Horizontal gene exchange, as the article points out, is commonplace between bacteria, archae, viruses, and eukaryotes (which include humans): "The 'universal' nature of the genetic code makes every living thing on this planet ideally suited for acquiring and making copies of genes, transferring these genes to other species, as well as accepting foreign genes, and then later donating and transferring these genes, including their own genes, to yet other organisms Parasitic creatures are the most likely to acquire and transfer genes between species, and Venter et al synthesized the genome of a parasite, Mycoplasma mycoides, which targets vertebrates.

"For a variety of reasons Mycoplasma is resistant to various antibiotics. Horizontal gene transfer also plays a significant role in the acquisition of antibiotic resistance which can be conveyed to a new bacterial host. This is made possible via the exchange of plasmids (mini-chromosomes), and DNA which has been expelled from the bacterial cell and then transferred to the genomes of yet other microbes which then acquire the genes necessary to combat these toxic agents, even prior to exposure. Further, these genes interact with yet other genes to provide resistance even to newly invented antibiotics.

Artificial Life -Scientific Revolution?  Or the End of Life as We Know It stresses that "evolution is slow and is punctuated with bursts of speciation and mass extinctions. The evolutionary progression leading to humans took 4.6 billion years. Fully modern humans have walked this Earth for less than 50,000 years. In the last 30 years genetic engineering has not wrought havoc upon this planet; nor has it created mass mutations and nightmarish monstrocities that threaten to destroy life. And yet, time marches on. So far the planet is safe. But what about the future?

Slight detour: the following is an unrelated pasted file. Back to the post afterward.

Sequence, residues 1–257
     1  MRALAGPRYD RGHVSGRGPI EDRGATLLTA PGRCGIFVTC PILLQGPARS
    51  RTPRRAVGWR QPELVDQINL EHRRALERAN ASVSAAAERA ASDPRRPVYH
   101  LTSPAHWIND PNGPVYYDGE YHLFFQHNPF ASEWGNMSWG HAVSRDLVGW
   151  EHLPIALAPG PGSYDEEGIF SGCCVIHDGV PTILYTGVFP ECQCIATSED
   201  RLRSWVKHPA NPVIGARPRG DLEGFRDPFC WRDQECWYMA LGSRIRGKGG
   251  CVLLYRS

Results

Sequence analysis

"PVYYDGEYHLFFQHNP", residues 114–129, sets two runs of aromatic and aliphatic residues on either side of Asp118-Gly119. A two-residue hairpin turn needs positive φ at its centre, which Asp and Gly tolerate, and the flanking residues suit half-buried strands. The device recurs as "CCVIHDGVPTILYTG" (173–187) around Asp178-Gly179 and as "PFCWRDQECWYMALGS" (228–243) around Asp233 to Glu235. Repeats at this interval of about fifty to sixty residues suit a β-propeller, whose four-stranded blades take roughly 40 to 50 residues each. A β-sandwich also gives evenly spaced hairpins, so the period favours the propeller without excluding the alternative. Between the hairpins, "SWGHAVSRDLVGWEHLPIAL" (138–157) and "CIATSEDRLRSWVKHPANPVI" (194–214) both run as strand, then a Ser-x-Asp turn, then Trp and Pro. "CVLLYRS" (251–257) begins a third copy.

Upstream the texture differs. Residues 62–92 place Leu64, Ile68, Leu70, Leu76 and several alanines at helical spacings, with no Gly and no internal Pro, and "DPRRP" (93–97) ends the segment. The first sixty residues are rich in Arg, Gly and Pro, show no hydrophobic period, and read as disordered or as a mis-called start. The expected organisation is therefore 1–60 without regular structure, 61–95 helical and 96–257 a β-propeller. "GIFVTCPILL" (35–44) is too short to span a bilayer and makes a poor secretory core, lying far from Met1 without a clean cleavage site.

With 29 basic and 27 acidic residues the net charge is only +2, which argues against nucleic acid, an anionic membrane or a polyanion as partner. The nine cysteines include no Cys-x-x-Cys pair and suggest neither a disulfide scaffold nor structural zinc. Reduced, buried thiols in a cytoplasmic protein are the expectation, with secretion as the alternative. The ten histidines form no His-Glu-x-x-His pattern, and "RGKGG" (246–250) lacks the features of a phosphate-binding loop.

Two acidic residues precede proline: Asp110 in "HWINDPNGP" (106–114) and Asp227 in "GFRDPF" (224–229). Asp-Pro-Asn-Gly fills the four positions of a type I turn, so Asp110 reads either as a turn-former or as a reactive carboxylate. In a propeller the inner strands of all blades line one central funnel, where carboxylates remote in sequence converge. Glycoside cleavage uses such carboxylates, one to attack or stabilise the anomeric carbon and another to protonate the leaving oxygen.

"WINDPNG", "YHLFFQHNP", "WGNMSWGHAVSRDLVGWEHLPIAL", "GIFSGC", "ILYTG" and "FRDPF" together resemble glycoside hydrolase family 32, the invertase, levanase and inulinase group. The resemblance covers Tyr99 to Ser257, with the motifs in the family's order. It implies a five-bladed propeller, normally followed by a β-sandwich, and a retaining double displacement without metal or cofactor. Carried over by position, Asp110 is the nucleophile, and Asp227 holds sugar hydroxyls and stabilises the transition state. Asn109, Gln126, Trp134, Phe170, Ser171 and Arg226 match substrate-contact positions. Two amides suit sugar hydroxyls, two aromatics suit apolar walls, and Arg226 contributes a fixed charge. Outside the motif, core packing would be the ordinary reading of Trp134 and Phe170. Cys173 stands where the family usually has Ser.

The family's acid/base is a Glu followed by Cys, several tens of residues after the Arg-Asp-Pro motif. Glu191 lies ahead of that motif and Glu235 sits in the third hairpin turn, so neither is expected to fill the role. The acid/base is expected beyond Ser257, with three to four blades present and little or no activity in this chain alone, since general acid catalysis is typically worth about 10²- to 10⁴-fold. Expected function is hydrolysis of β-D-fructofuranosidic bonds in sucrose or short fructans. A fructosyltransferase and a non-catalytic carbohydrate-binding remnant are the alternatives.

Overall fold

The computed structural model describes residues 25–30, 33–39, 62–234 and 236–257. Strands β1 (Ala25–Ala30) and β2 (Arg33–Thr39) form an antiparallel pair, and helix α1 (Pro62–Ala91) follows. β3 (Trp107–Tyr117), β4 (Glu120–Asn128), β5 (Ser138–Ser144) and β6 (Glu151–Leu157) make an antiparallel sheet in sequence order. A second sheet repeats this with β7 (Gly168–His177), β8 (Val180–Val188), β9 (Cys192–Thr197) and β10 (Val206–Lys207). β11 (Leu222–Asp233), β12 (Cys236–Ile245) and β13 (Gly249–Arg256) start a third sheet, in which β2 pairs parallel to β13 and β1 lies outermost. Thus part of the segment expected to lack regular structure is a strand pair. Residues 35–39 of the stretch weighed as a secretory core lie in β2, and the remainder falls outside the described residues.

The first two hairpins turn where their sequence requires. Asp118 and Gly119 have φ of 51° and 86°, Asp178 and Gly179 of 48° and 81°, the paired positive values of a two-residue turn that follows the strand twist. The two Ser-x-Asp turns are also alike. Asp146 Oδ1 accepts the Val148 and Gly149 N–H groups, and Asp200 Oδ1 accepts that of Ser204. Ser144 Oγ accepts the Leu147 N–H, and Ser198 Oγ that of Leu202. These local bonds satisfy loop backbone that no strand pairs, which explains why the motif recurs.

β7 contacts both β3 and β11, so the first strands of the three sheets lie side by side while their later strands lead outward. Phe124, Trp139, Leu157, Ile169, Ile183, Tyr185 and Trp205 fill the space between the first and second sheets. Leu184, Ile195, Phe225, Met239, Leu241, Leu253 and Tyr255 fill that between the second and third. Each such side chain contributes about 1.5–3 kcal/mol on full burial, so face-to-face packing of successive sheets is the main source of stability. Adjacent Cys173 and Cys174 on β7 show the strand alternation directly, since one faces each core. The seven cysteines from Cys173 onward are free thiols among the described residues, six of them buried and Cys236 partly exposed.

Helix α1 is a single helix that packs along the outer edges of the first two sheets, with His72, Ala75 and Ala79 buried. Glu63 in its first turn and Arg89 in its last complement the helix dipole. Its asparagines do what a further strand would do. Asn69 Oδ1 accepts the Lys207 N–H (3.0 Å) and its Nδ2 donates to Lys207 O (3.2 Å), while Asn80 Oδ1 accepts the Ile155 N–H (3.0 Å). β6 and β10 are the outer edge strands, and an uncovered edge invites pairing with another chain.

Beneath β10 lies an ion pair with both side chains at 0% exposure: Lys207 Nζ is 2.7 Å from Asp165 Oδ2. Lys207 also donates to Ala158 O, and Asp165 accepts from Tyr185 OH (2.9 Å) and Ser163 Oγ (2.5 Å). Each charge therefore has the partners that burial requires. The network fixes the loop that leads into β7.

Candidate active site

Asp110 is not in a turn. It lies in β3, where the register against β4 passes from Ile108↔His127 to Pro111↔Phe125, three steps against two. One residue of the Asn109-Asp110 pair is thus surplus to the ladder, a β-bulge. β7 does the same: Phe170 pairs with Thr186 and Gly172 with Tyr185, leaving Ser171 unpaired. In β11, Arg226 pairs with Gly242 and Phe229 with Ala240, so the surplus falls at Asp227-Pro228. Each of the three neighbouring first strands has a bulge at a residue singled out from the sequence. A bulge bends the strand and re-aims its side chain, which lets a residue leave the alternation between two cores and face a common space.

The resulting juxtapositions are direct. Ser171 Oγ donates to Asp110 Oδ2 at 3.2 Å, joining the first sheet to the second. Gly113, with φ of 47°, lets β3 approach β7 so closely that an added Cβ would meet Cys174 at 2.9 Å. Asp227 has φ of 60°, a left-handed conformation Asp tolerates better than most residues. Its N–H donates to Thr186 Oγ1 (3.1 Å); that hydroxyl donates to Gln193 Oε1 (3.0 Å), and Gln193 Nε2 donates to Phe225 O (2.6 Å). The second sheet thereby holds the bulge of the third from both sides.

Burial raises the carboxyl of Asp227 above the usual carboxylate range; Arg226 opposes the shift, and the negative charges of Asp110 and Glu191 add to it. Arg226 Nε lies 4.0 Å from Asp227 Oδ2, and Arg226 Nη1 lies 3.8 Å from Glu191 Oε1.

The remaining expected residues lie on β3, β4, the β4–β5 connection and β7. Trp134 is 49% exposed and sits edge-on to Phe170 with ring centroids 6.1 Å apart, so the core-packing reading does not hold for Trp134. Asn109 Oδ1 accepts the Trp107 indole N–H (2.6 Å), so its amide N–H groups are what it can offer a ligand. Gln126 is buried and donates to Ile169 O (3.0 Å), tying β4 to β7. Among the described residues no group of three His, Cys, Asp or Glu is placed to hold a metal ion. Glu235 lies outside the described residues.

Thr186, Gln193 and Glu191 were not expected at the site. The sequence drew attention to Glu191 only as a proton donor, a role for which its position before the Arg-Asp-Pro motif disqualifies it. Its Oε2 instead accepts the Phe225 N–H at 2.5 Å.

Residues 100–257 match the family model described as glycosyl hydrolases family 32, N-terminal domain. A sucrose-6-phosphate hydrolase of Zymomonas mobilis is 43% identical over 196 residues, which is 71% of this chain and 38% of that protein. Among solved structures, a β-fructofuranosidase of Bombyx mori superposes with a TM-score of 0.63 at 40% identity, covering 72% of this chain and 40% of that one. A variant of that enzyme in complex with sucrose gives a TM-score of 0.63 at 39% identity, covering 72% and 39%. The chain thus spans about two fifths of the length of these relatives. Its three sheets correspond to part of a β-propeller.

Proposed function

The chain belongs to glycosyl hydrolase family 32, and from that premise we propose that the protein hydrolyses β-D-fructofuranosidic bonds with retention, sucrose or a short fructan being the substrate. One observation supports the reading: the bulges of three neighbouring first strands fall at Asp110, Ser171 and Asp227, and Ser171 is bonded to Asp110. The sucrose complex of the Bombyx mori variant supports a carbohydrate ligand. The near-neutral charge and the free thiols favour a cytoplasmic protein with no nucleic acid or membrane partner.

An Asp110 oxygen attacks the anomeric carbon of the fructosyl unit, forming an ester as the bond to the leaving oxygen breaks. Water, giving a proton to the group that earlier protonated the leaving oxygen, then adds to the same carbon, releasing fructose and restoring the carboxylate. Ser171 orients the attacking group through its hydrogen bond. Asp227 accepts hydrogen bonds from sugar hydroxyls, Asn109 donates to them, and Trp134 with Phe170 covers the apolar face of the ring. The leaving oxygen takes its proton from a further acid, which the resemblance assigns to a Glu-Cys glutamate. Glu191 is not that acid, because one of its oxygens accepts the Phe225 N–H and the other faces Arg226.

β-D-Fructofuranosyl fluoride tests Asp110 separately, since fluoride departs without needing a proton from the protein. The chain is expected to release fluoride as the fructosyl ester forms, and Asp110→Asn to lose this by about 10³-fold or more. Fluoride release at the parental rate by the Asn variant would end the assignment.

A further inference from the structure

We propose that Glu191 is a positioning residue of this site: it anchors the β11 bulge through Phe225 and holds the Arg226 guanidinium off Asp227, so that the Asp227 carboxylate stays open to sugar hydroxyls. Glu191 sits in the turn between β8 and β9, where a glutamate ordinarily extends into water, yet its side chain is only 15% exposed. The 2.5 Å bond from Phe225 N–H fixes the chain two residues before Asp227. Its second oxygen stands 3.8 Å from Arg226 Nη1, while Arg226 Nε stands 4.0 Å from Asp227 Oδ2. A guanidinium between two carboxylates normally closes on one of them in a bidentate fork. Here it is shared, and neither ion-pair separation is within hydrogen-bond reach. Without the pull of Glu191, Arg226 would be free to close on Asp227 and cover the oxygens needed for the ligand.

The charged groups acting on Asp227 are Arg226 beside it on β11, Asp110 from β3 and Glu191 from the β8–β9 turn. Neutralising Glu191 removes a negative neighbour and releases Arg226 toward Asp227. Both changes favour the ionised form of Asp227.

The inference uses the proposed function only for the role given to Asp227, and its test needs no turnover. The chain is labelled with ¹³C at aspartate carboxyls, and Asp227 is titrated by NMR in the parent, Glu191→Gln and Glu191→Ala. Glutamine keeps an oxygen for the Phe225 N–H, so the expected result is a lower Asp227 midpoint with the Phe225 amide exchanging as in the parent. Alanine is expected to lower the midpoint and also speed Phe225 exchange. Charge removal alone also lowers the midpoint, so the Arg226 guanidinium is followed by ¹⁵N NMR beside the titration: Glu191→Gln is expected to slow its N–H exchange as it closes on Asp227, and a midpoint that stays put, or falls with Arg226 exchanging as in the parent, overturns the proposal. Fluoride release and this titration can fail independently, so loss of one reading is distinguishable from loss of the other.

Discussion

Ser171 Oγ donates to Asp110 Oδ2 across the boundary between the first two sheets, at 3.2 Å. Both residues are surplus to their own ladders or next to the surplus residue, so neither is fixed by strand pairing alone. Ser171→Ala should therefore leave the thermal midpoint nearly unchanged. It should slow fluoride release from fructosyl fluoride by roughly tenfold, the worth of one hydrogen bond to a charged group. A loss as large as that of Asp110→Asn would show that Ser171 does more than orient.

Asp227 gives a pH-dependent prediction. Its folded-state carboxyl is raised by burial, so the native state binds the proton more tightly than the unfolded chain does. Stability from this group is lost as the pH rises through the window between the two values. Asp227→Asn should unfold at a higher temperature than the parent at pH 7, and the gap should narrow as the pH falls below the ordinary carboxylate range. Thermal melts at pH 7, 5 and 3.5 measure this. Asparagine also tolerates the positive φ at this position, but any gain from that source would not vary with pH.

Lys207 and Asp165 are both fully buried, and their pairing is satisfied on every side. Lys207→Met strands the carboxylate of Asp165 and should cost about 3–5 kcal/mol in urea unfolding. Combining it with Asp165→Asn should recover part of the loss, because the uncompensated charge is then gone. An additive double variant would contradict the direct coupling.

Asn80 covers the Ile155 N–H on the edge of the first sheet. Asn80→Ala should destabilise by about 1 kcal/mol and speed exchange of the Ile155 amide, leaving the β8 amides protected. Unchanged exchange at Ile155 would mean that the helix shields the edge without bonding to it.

"The evolution of new species does not take place in small steps, as Darwin claimed, but in leaps after long periods of stasis. And with evolution, there is extinction."

The consequences of genetic pollution coupled with the eventual escape and proliferation of synthetic organisms and their synthetic genes, the article points out, may not be fully felt for another thousand years. So, yes, we have nothing to worry about. But for those of the future, it may already be too late.

Software engineer and technology pundit, Bill Joy, in his seminal essay "Why the future doesn't need us" sides with the Journal of Cosmology in his fears, writing "I suddenly remembered a novel I had read almost 20 years ago -The White Plague, by Frank Herbert – in which a molecular biologist is driven insane by the senseless murder of his family. To seek revenge he constructs and disseminates a new and highly contagious plague that kills widely but selectively.

"Self-replication is the modus operandi of genetic engineering,' continues Joy, "which uses the machinery of the cell to replicate its designs, and the prime danger underlying gray goo in nanotechnology. Stories of run-amok robots like the Borg, replicating or mutating to escape from the ethical constraints imposed on them by their creators, are well established in our science fiction books and movies. It is even possible that self-replication may be more fundamental than we thought, and hence harder – or even impossible – to control.

"A recent article by Stuart Kauffman in Nature titled "Self-Replication: Even Peptides Do It" discusses the discovery that a 32-amino-acid peptide can "autocatalyse its own synthesis." We don't know how widespread this ability is, but Kauffman notes that it may hint at "a route to self-reproducing molecular systems on a basis far wider than Watson-Crick base-pairing."

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Casey Kazan via journalofcosmology.com and wired.com